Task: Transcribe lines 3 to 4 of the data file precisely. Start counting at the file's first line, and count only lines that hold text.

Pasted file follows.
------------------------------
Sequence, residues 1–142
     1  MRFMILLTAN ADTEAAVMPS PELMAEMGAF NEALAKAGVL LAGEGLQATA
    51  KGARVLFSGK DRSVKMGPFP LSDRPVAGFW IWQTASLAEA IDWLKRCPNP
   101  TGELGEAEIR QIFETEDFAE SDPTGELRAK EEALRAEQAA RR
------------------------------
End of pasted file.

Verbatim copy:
    51  KGARVLFSGK DRSVKMGPFP LSDRPVAGFW IWQTASLAEA IDWLKRCPNP
   101  TGELGEAEIR QIFETEDFAE SDPTGELRAK EEALRAEQAA RR